SCOTUS Hearing On Student With Autism Case Could Impact Changes In Special Needs Education - Here's Why!

By Amanda Moore, Parent Herald January 11, 04:00 am
The U.S. Supreme Court (SCOTUS) will finally being the hearing on the Endrew F. v. Douglas County School District, which could impact changes in special needs education.
(Photo : Mark Wilson/Getty Images)

The U.S. Supreme Court will begin its hearing about a special needs case on Wednesday, Jan 11. The oral arguments involving Endrew F. vs. Douglas County School District would be important because it could potentially affect the level of education benefits accorded to students with special needs.

But who is Endrew and what exactly led him or his family to file a case against the Douglas County School District in Colorado? Why will the Supreme Court's decision on this matter?

Endrew, a student with autism, attended public school in the Douglas County from preschool to fourth grade. Under the Individuals with Disabilities Education Act (IDEA), which was established in 1975, Endrew was entitled to "free appropriate public education," according to Parent Center Hub. The boy's parents and his school agreed to an Individualized Education Plan (IEP) based on this law.

By second grade, however, Endrew's academic performance suffered. His behavioral issues became a challenge for teachers but his parents said that the school made little changes to his IEP so it became ineffective.

Endrew's parents then switched to a private school specializing in students with autism and he improved. They sought reimbursement from the school district for the tuition fees, citing that the IEP failed to provide their child with "free appropriate public education."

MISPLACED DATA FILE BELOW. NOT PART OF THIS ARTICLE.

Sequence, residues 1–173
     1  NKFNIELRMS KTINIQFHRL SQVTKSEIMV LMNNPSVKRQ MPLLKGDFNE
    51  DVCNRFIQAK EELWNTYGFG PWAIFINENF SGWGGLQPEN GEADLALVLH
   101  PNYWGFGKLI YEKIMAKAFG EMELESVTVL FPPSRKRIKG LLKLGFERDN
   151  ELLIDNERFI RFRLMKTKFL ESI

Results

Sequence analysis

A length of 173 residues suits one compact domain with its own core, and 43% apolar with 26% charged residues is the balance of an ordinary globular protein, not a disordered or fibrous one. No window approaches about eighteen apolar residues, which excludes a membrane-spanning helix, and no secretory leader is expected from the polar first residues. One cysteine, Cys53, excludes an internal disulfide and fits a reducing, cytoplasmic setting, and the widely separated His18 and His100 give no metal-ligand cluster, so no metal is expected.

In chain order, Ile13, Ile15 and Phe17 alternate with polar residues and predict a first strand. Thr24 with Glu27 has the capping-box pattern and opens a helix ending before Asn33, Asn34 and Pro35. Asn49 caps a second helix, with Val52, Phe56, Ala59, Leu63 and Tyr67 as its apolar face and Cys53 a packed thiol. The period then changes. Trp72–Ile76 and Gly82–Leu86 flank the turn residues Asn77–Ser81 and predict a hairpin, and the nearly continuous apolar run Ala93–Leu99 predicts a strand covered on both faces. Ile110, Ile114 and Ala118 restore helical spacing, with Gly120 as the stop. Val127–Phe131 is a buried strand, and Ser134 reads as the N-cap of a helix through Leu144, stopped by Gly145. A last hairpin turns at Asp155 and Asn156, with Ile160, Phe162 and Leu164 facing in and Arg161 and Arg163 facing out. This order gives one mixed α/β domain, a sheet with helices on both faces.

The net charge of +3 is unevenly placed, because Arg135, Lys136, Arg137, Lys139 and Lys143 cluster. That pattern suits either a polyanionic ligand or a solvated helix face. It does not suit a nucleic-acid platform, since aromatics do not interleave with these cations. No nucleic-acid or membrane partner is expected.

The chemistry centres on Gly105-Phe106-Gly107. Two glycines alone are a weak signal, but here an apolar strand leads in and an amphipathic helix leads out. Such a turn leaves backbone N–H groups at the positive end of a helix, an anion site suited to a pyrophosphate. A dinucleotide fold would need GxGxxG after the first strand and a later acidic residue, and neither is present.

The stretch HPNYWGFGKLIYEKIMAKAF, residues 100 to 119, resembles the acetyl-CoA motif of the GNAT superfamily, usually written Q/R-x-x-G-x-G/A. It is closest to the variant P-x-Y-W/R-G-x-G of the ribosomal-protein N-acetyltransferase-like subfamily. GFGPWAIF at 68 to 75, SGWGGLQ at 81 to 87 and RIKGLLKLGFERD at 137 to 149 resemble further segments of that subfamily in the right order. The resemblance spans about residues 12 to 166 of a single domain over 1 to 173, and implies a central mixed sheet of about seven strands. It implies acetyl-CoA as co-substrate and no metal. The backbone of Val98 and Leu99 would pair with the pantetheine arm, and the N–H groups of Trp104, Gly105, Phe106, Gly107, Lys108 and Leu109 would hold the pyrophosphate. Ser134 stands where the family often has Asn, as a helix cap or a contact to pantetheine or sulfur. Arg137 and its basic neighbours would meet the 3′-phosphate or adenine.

According to Norwich Bulletin, Endrew's family needed to prove that the IEP was a failure. The school district's argument was that they did give the boy "meaningful" educational benefits. "It's is not the District's burden to pay for his placement there when Drew was making some progress under its tutelage," the lower court judge said.

The family lost their case in 2012 as well as succeeding appeals, which is why this has been elevated to the Supreme Court. Endrew's lawyers argue that "meaningful" educational benefits haven't been clearly defined under the IDEA.

It is the hope of advocates of students with special needs that the Supreme Court hearing will change the ambiguity to finally define "meaningful" educational benefits. If so, the highest court could compel all U.S. public schools to come up with substantial educational benefits for students with special needs

But school districts are concerned about such a ruling's implication for public schools already grappling with funding problems. "Schools will have to demonstrate through paperwork and documentation that they're doing more than enough for students with disabilities," School Superintendents Association's Sasha Pidelski said, according to Disability Scoop. "That will be expensive and a new administrative burden."

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